It is always worth returning to Porto. The city is getting more and more beautiful and surprising, and it is easy to find a good excuse to go there for a weekend. Be it exhibitions, new restaurants, hotels, or new boutiques …
You have to make the most of all that the city has to offer, and if you haven’t been to Porto in a long time or it’s your children’s first time, for example, be sure to (re) visit the biggest attractions, such as the Clérigos Tower, which you can climb to the top, let there be breath for the 225 steps. Lello Bookstore, which Harry Potter fans will not miss, or the beautiful Praça Lisboa, right in front, where you can sit on the Base esplanade, among the most popular in the city.
Likewise, if you’ve never been, stop by São Bento Station to admire Jorge Colaço’s 20,000 tiles, with striking scenes from the history of Portugal and transport, and also through the frantic Rua das Flores where you can take a leap to the flagship Claus Porto store and leave with a handful of hand-wrapped soaps. Nearby, also, on Rua do Almada, is the no less historic (and sweeter) flagship of Arcádia. Which have a studio open to the public where you will be able to watch a master craftsman preparing the country’s favorite chocolates.
The Palácio da Bolsa, a huge neoclassical building built in the early 20th century, is another of Porto’s most visited monuments. Its high point is the exotic and luxurious Arab Hall, stage for dinners, conferences and concerts and deserves a visit at least once in a life.
The Serralves Foundation, in turn, is a place to return to often. From the 18 hectares of gardens to the museum itself, there is always a lot to see and do. And of course, you can’t miss a trip to Gaia to visit one of the cellars where Port Wine history was made (Taylors or Real Companhia Velha offer, in this chapter, memorable experiences), leaving time to have a drink in one viewpoint bar like the Terrace Lounge 360 °, with stunning panoramic views over Porto.
Be sure to stop by Bairro das Artes, a block full of galleries, ateliers, cafés and designer shops. This is the case with Banema, a concept store for those who like architecture, design and beautiful things in general, since in this space – 300 m2 of an old bakery – you will find an exclusive curatorship of brands and furniture, lighting, decoration and lifestyle. For vintage fans, another good idea is to go to the lively Rua da Cedofeita to continue a shopping session, where you cannot miss the store of the famous Couto medicinal paste, a company that celebrated 100 years with the opening of the first commercial space in its own name in all country.
In terms of restaurants, in addition to the classics like Cafeína, a local institution (today part of José Avillez’s group), there is a lot to choose from. In fact, from the Tapisco by Henrique Sá Pessoa to the unmissable Casario (by Miguel Castro e Silva) and Almeja, throught the Michelin stars of Pedro Lemos and Casa de Chá da Boa Nova by Rui Paula, you will never feel defrauded, but willingly to come back. Keep these tips for dinner, since for lunch there is also a lot to choose from: from Cozinha Cabral to Mondo Deli, through Digby (the restaurant at Hotel Torel Avangarde that pays homage to Sir Kenelm Digby, an English diplomat considered the father of the bottle of wine), that has what is considered one of the best brunches in Porto.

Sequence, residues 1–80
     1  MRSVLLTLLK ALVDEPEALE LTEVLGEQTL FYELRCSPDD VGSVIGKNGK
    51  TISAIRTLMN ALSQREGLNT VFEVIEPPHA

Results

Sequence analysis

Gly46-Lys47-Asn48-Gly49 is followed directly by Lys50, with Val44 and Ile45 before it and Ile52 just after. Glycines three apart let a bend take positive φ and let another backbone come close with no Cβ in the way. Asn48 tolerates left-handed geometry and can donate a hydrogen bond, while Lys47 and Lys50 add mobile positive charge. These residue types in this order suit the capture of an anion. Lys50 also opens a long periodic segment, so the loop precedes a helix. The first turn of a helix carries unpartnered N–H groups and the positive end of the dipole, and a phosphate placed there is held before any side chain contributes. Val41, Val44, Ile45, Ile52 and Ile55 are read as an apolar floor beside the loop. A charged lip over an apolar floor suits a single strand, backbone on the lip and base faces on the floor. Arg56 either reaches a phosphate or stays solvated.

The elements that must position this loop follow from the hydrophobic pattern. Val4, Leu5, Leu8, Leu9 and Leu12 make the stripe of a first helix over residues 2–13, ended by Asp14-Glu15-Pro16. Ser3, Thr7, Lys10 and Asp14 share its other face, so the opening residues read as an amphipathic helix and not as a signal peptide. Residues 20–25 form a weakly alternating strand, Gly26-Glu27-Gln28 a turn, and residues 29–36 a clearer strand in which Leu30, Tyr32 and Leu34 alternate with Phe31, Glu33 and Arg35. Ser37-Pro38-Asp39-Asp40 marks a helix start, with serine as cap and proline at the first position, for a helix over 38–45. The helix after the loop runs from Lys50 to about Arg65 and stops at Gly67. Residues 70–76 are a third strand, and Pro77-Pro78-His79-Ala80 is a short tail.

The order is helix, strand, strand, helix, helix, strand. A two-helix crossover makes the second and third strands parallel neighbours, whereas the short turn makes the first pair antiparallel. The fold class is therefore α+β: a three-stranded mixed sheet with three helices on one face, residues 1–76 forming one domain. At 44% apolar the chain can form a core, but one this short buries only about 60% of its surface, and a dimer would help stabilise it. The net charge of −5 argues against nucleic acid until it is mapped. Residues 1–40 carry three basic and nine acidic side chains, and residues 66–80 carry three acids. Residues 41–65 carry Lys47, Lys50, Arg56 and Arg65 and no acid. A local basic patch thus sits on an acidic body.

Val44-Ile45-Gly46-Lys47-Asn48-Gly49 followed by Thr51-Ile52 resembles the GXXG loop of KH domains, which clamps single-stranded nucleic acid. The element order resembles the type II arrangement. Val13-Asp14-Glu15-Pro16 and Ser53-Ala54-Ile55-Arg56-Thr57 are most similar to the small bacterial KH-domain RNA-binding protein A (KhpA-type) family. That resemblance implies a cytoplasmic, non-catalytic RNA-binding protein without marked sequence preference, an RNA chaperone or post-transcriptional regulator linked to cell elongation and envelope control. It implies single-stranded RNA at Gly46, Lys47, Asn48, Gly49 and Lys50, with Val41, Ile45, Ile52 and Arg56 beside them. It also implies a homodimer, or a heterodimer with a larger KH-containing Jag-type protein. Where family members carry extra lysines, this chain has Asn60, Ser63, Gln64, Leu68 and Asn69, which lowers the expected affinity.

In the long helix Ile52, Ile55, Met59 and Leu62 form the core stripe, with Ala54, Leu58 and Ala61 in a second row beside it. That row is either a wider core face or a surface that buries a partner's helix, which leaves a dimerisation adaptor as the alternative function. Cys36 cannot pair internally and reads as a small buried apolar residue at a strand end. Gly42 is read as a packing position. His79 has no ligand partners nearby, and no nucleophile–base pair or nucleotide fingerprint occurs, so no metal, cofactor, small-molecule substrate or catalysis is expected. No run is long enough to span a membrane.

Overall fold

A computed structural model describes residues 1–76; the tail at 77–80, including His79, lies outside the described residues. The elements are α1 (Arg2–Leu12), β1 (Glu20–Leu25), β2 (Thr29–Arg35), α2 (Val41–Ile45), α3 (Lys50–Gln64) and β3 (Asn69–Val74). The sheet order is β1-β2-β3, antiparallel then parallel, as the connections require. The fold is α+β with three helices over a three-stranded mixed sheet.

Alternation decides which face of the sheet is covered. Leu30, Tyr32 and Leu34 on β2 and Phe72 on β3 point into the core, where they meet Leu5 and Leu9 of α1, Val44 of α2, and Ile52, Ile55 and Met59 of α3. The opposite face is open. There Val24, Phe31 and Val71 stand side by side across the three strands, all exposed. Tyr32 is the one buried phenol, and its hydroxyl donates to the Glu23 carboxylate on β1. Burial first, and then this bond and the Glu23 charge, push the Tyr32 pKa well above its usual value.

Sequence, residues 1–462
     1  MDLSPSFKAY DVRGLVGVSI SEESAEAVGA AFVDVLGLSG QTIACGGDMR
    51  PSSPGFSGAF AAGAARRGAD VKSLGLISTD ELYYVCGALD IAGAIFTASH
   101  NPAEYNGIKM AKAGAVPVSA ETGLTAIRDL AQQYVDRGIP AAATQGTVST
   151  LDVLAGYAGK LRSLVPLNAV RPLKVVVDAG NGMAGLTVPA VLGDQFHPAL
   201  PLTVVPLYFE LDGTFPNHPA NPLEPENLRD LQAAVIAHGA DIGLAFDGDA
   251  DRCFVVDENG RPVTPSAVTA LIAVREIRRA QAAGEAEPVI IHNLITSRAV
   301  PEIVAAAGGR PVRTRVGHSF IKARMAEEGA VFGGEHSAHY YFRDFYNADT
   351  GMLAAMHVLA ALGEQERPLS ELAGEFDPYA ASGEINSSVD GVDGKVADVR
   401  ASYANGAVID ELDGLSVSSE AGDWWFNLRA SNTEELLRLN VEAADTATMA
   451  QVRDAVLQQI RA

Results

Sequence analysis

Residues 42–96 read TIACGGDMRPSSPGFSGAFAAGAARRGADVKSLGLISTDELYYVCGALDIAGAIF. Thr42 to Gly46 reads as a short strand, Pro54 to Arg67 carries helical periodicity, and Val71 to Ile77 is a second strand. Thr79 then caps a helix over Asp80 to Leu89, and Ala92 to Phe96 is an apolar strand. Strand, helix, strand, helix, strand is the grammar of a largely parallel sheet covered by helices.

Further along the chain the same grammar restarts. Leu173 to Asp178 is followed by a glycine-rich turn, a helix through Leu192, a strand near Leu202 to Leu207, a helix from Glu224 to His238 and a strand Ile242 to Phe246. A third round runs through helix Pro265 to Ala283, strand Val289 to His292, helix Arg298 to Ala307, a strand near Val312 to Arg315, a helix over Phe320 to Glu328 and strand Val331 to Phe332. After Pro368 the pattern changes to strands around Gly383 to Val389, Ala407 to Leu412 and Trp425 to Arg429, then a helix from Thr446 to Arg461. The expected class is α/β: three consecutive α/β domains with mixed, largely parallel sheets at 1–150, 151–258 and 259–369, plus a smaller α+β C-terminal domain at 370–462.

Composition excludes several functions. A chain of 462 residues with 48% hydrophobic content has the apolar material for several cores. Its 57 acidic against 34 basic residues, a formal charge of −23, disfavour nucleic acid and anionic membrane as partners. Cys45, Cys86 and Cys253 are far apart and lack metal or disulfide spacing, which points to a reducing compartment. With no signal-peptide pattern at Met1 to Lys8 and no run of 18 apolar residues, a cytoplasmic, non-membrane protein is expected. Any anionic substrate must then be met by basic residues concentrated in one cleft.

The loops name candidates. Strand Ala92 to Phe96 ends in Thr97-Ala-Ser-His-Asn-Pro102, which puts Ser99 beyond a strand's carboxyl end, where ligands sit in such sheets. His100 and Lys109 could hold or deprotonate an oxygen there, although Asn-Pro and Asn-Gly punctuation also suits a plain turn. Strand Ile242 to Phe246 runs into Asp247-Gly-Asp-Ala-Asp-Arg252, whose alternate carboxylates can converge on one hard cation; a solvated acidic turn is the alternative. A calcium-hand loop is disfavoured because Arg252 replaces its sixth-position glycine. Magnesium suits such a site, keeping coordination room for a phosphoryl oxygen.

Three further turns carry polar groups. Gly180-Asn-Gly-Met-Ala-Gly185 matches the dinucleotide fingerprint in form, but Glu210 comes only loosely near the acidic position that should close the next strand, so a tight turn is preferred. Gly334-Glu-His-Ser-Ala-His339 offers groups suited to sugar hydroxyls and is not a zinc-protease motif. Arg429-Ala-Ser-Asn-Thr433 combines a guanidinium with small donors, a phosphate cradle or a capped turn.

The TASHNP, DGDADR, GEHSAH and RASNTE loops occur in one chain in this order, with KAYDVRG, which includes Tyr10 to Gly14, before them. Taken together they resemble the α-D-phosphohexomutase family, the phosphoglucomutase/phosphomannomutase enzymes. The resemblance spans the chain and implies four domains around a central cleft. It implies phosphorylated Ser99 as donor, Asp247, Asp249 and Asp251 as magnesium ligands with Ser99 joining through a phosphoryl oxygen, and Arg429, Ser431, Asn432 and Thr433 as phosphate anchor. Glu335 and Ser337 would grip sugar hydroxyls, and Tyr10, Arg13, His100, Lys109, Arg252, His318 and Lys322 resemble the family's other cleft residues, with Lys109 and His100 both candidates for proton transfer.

The right choice of a hotel can dictate the success of a trip, and this Torel Avangarde was once considered “the best new hotel” and also the best “Luxury Art Hotel” in Europe, because art is really part of its DNA. Each of the 47 rooms pays homage to personalities from the fine arts, music, fashion or literature, from Amadeo de Souza-Cardoso to Picasso, passing through Frida Kahlo, Coco Chanel or Charles & Ray Eames. We find several pieces by Portuguese artists at the entrance and common spaces, such as the “Sala das Flores”, the most “instamagrable” space of the hotel, an original winter garden, with the walls and ceiling fully lined with flowers. The ideal place to sit down with a glass of wine or take a photo session.
Torel Avangarde is part of a small, expanding boutique hotel group – the first was the Torel Palace in Lisbon and the most recent was the Torel 1884, an elegant palace in downtown Porto, which may be another excellent alternative (soon will open also the Torel Palace Porto, in one of the most stunning palaces in the city).
Fortunately, the success of Porto (and Portugal) as a tourist destination has brought with it a revolution in the world of hospitality, making it increasingly easy to find beautiful, well located and well-serviced hotels. This is also the case for Le Monumental, in the middle of Avenida dos Aliados, in a majestic building where, in the 1930s, the historic Café Monumental was located. Owned by a French group, it also offers the only Nuxe Spa in the country.
Or how about staying at the most recent Pestana unit? The Portuguese group has some emblematic hotels in the city of Porto, but none more offers the possibility of having breakfast in a café on the ground floor, which happens to be called Brasileira. Nearby, in the heart of the Invicta, we can still find the InterContinental Palácio das Cardosas, and the view it offers, without Douro, but towards the Praça dos Aliados and the City Hall, is something amazing.
The view from The Yeatman, from Gaia to Porto, could not have been more praised (and photographed), and the hotel still offers an exceptional service, one of the best restaurants and wine cellars in the country and in Europe (and maybe, even, from the city…) and a Caudalie SPA. Last but not least, the oldest luxury hotel in Porto, where state personalities, royal members, kings and queens from the stage, and even religious leaders such as the Dalai Lama have spent the night. Infante Sagres has just been completely renovated and is another perfect starting point for exploring the city.